Skip to main content

Rwanda the key to Congo's peace

By John Prendergast and Sasha Lezhnev, Special to CNN
updated 7:45 AM EDT, Fri November 1, 2013
STORY HIGHLIGHTS
  • Authors: Unless root causes are addressed, violence will intensify in Congo
  • They say the key is to focus on Rwanda's role in the war
  • Agreement that involves Rwanda would go far to bring peace, aid economies, they say

Editor's note: John Prendergast and Sasha Lezhnev are co-founder and senior policy analyst at the Enough Project, part of the Center for American Progress.

(CNN) -- The escalation in recent days of eastern Congo's brutal war demonstrates that unless its root causes are addressed in a broader peace process, violence could intensify and Rwanda could be drawn more directly into the fray, regionalizing the war.

Over the past week, Congo's army has nearly militarily defeated the most powerful rebel group, the M23. Rwanda has threatened to strike Congo in retaliation for what it claims was shelling on its territory by Congo's army.

M23 may soon be a spent force militarily, but many other armed groups are still active and could replace it as major destabilizers of eastern Congo unless the root causes of the war are addressed.

Recently suspended talks in Uganda only involve the Congolese government and M23, and address none of the underlying political, economic, or security drivers of violence that have created the deadliest conflict globally since World War II.

Corrupt governance, intercommunal divisions and illegal exploitation of lucrative natural resources allow the Congolese army and a host of predatory militias to operate with impunity. But the most important factor in ending mass violence is the Congo-Rwanda relationship and the economic and security interests that underlie it.

John Prendergast
John Prendergast
Sasha Lezhnev
Sasha Lezhnev

The fates of Rwanda and Congo are deeply intertwined.

The aftermath of the Rwandan genocide spilled over into Congo in the mid-1990s, acting like gasoline on the fire of preexisting ethnic tensions, localized conflict and state collapse. Since then, Rwanda's periodic direct intervention and support for armed groups in eastern Congo have been central drivers of continuing conflict.

Remarkably, however, no major international peace initiative has comprehensively analyzed and addressed Rwanda's core interests as part of a solution.

Nun helps Congo to heal

Rwandan security interests in Congo center on containing the threat posed by the Congo-based armed group, the Democratic Forces for the Liberation of Rwanda (FDLR), whose leaders participated in the 1994 genocide against Rwandan Tutsis. Congo's army has at times supported the FDLR.

The Rwandan government, which defeated the regime that committed the genocide, believes that as long as the FDLR is in Congo with supporters around the world motivated by a genocidal ideology, it represents a threat.

Rwanda also has economic interests in Congo in natural resources, land and cross-border trade. Rwanda has its own domestic minerals sector but benefited significantly from smuggled conflict minerals from Congo -- in particular tin, tantalum, and tungsten -- for several years. According to numerous U.N. investigative reports, some Rwandan traders have relabeled Congolese minerals as Rwandan and exported them. Rwanda is reliant on the minerals trade to reduce its significant balance of trade deficit.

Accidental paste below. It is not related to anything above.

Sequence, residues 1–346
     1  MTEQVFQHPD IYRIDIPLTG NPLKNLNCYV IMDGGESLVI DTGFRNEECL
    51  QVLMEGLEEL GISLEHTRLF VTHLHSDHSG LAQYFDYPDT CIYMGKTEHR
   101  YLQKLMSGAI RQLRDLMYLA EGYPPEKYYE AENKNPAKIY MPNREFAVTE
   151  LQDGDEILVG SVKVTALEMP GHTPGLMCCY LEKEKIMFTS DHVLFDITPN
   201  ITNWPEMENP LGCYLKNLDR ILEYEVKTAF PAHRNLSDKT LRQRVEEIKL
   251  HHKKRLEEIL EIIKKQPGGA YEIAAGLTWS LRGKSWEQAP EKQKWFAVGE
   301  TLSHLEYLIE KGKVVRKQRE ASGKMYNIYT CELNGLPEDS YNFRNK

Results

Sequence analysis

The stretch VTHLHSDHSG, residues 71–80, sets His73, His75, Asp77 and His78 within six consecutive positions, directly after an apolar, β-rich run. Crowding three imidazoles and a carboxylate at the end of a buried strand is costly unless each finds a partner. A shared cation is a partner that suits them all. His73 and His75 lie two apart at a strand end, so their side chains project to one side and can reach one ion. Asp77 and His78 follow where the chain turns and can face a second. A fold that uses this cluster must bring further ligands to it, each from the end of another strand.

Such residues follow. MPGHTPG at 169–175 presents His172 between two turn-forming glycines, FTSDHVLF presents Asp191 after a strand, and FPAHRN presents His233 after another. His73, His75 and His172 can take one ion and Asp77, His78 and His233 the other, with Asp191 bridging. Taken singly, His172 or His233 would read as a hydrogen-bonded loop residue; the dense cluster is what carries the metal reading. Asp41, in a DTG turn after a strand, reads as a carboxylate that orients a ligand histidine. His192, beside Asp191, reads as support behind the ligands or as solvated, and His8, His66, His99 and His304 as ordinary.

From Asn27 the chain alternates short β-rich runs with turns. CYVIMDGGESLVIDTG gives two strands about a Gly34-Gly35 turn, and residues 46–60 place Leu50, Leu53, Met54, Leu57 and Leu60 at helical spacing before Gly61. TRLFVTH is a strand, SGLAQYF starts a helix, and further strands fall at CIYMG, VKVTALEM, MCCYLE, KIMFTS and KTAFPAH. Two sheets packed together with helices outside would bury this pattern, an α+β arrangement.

Widely divergent opinions focus on Rwandan President Paul Kagame. Supporters cite his ending the 1994 genocide and tout the country's dramatic economic recovery since then, but are uncritical of Rwanda's role in Congo or the lack of internal political freedom. Critics focus only on its destructive behavior in Congo and repressive policies at home but overlook the progress Rwanda has made in other spheres.

The "11+4 Framework" for a peace initiative signed by all the governments in the region provides a new window to address the core causes of the conflict and involve civil society. The appointments of Mary Robinson and Russ Feingold as U.N. and U.S. envoys, respectively, further improve the odds.

The primary key to ending the violence is changing the economic incentives from war to peace and addressing regional security threats. This in no way diminishes the urgent need for political reforms in Kigali, Kinshasa, and elsewhere in the region, as well as the importance of placing targeted sanctions against any officials supporting armed groups, combating spoiler militias like the FDLR and M23 by buttressing the U.N. Intervention Brigade's capacities and prosecuting war crimes.

But the most promising opportunity for peace is in the economic interdependence between Congo and Rwanda. The perceived zero-sum nature of Rwanda's interests that help fuel the war has to be transformed for the war to end.

If the mineral sector alone was developed by serious investment in conflict-free, transparent semi-industrial and industrial mining, and the artisanal trade was more formalized with better equipment and fair-trade small-scale mining, there would be a greatly expanded economic pie for the entire region.

Instead of the current fighting over surface-level minerals left to armed smugglers, there could be exponentially larger revenues for both countries and wealth-building opportunities for Congolese communities from the deeper mines in a legal, peaceful trade. The envoys can help by pressing to finalize the regional minerals certification process and asking the World Bank to accelerate its regional infrastructure programs.